Rice Reservoir-Tomahawk (Lincoln County) 10.24" +1.45"
Wausau WSAW  TV (Marathon County) 11.00" +1.77"
Wausau ASOS (Marathon County) 11.22" +2.21"
Marshfield Exp Farm (Wood County) 11.93" +2.54"
Wisconsin Rapids Grand Av B (Wood County) 15.19" +5.89"

 

The U.S. Drought Monitor is a weekly collaborative effort between a number of federal agencies including NOAA/NWS, U.S. Department of Agriculture and the National Drought Mitigation Center. Details and explanations of the Drought Monitor can found at the web site:

http://droughtmonitor.unl.edu/

The categories of drought are defined as follows:

Abnormally Dry (D0)
- Going into drought: short-term dryness slowing planting, growth of crops or pastures; fire risk above average. Coming out of drought: some lingering water deficits; pastures or crops not fully recovered.

Moderate Drought (D1) - Some damage to crops, pastures; fire risk high; streams, reservoirs, or wells low, some water shortages developing or imminent, voluntary water use restrictions requested.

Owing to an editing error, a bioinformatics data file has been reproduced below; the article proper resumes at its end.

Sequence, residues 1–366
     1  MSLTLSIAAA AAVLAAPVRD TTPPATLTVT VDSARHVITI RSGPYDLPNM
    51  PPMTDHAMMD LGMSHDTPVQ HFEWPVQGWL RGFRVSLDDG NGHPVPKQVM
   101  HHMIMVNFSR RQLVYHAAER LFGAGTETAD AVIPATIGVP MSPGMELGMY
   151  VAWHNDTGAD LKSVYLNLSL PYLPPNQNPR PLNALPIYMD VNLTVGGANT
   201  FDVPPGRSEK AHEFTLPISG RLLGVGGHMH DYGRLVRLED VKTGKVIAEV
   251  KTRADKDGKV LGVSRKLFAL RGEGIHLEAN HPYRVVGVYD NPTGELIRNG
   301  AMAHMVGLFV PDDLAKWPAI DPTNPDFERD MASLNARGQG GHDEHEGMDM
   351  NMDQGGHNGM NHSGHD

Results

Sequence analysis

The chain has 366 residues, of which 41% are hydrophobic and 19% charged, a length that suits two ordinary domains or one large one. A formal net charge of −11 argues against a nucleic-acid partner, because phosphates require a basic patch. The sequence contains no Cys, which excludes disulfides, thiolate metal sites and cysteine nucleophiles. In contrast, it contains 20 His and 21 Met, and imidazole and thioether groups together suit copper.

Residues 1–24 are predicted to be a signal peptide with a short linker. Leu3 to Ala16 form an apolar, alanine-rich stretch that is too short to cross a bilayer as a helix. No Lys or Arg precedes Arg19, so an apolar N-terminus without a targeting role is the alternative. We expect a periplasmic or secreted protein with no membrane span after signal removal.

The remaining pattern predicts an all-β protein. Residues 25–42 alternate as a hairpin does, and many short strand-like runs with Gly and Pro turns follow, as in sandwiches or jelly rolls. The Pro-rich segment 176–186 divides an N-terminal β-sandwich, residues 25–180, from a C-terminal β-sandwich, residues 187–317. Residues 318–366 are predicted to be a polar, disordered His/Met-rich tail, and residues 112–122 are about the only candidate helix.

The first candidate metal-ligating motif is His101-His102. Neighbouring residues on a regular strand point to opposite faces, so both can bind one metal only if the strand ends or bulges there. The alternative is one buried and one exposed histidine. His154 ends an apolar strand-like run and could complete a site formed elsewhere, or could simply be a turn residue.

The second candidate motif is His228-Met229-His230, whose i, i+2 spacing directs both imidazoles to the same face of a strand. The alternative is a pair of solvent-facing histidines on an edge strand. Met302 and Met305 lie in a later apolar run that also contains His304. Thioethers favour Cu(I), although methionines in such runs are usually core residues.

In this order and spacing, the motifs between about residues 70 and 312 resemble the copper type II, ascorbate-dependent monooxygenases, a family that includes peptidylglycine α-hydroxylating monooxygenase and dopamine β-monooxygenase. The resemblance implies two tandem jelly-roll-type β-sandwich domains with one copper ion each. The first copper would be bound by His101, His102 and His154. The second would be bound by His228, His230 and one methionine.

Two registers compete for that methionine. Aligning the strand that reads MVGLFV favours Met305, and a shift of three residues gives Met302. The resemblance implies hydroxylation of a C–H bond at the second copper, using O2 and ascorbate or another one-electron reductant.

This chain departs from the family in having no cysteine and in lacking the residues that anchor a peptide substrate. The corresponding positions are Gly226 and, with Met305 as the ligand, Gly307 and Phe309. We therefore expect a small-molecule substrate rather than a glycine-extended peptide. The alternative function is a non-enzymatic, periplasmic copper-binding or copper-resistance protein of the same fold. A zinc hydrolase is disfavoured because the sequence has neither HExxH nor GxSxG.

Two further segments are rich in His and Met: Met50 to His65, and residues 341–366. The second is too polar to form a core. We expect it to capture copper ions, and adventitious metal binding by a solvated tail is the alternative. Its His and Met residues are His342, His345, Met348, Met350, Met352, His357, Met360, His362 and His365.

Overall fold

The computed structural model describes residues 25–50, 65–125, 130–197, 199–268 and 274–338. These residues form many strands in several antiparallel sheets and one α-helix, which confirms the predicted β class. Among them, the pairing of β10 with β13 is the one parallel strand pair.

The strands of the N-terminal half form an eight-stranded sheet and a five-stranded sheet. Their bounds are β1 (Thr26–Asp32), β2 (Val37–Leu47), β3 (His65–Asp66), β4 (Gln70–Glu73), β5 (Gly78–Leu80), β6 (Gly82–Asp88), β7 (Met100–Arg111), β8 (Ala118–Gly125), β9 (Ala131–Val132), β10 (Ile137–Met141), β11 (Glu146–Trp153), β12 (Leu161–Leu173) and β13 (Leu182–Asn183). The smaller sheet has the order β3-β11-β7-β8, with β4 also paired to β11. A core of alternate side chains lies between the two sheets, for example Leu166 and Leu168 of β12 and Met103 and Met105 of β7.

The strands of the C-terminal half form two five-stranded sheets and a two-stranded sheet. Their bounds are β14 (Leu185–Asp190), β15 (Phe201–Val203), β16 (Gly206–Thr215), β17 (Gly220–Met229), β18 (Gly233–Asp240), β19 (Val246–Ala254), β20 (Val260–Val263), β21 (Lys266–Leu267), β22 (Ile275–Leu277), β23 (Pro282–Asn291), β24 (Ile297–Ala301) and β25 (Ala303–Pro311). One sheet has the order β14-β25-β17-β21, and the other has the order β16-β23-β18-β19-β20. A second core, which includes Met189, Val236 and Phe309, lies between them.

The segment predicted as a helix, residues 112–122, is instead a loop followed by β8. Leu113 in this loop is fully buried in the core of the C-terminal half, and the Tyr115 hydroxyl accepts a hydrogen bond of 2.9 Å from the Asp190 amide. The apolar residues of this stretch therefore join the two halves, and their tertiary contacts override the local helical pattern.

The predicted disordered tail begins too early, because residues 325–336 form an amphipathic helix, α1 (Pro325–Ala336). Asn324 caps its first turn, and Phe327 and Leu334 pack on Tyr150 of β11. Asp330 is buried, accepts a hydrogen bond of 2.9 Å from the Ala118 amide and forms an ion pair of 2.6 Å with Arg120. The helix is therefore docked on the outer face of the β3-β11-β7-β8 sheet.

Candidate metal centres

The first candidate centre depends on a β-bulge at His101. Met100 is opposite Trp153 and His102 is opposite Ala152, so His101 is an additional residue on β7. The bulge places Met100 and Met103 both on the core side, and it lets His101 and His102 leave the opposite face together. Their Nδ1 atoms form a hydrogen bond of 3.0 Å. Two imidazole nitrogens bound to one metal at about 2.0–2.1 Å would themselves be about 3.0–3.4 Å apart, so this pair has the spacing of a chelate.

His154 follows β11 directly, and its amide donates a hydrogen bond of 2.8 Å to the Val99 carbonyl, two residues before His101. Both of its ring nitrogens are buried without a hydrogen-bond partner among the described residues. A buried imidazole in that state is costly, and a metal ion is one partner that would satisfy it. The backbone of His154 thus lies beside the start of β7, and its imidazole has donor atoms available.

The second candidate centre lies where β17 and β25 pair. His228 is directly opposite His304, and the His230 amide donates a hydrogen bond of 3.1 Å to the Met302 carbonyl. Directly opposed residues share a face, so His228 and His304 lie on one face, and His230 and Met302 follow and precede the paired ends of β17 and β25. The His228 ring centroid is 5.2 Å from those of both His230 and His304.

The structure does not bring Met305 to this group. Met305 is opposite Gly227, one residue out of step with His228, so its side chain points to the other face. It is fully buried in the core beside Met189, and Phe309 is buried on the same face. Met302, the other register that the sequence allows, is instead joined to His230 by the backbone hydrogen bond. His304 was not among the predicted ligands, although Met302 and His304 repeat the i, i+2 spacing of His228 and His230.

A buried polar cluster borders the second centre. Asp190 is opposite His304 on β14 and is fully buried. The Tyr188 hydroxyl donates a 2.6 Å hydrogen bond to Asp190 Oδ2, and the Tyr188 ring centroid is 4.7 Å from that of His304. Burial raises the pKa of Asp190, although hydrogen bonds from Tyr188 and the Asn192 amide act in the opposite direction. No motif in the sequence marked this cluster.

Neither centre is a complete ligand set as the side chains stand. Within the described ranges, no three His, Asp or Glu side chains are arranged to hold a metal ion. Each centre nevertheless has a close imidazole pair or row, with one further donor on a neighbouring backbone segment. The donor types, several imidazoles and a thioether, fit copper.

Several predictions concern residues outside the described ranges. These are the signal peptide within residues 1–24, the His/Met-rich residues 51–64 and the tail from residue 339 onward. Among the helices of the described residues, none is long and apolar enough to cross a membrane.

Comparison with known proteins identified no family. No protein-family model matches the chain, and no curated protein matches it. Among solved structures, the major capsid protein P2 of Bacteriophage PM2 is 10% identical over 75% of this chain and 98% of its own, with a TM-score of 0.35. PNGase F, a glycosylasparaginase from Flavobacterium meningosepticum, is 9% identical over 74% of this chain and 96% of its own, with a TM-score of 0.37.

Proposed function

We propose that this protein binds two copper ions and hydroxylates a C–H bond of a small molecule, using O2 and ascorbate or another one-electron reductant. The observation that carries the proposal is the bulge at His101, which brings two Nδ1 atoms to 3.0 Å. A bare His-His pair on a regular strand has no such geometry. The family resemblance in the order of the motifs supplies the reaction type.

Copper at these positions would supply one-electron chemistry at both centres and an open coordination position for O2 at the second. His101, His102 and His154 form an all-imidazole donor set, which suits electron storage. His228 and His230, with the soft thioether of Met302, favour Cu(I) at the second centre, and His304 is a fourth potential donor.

Severe Drought (D2) - Crop or pasture losses likely; fire risk very high; water shortages common; water restrictions imposed.

Extreme Drought (D3) - Major crop/pasture losses; extreme fire danger; widespread water shortages or restrictions.

Exceptional Drought (D4) - Exceptional and widespread crop/pasture losses; exceptional fire risk; shortages of water in reservoirs, streams, and wells, creating water emergencies.


Potential Evapotranspiration Rates:

Disaster & Drought Assistance:

Other Drought Web Sites:

Drought ACIS:

This tool allows you the ability to explore data related to drought from the Regional Climate Centers (RCCs).  You can look at length or periods without rain, temperature data, and more.  Click on the logo below to gain access to this tool.

http://drought.rcc-acis.org/

River and Stream Flow Conditions:

As of June 19, Wisconsin rivers were running well above-normal.  There was even some minor flooding along the Wisconsin and St. Croix rivers. 

Hourly and forecast river stages out to 90 days can be found at:

Additional Current stream and river stages may be viewed at:

An interactive table of sites which are at or near record flows can be found at:

Agricultural Impacts:


Wisconsin: